French unemployment hits new record high
Official figures show the number of unemployed people in France reached a new record high in March, with young people hit the hardest.
The French Labor Ministry released the data on Monday showing 3.51 million people were jobless in March, up 0.4 percent from the previous month.
The figures also revealed that the number of unemployed youth under the age of 25 increased by one percent, the sharpest growth of any age category.
Furthermore, the data showed that 2.3 million people across France have been without work for more than a year, a 10.1-percent increase over the last 12 months.
French President Francois Hollande has vowed not to seek re-election in 2017, if he is not able to lower the country’s growing unemployment rate.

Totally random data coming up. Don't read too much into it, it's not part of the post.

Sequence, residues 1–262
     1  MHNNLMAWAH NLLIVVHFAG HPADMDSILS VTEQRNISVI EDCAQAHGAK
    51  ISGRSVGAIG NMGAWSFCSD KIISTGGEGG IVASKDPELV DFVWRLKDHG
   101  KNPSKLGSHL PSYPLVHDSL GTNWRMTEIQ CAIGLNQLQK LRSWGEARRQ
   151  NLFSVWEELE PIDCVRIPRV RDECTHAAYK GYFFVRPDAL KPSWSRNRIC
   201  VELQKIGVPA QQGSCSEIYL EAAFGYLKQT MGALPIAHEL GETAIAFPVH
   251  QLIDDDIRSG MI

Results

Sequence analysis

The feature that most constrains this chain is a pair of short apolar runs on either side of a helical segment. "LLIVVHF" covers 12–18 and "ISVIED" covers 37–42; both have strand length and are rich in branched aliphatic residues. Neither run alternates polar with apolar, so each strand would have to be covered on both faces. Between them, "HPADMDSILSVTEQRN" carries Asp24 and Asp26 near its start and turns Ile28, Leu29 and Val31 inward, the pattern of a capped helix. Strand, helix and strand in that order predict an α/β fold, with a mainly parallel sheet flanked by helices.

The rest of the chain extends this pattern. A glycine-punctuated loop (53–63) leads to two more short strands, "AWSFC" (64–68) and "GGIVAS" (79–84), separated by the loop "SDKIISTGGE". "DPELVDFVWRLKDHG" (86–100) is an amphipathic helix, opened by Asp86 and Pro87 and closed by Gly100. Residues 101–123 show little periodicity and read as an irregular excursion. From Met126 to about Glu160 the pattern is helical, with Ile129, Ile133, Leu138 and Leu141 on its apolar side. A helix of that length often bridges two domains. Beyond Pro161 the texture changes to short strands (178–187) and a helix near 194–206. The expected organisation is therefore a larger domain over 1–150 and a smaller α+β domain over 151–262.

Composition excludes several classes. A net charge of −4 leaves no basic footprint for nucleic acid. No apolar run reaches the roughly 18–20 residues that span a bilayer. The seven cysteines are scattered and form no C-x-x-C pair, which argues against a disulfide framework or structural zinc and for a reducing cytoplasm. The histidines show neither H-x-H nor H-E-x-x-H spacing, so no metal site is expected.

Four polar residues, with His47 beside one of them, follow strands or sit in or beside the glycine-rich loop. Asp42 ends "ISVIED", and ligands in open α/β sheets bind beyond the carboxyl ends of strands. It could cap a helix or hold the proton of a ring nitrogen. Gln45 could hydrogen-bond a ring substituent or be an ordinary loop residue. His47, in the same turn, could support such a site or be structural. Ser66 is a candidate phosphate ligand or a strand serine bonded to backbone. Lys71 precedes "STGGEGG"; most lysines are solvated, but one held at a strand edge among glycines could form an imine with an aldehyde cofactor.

Hollande had promised to halt the rise in joblessness, which began to grow before he came into office, by the end of 2013. However, nearly 18 months on, the rate continues to hit new highs.
The French president has introduced two packages of reforms aimed at tackling the country’s joblessness.
The first, referred to as the Responsibility Pact, is a series of tax cuts for businesses in lieu of creating employment.
The second is a set of reforms meant to reopen the country’s closed economy, including increasing the number of Sundays in the year that shops can do business.
Both reforms are highly controversial with the former causing thousands of protests across the country.
This is while the government’s austerity policies have put its citizens under more financial pressure than ever. Sales and retirement taxes have been raised, while massive cuts to social services have forced households to dip into their own pocket to cover for the government’s absence.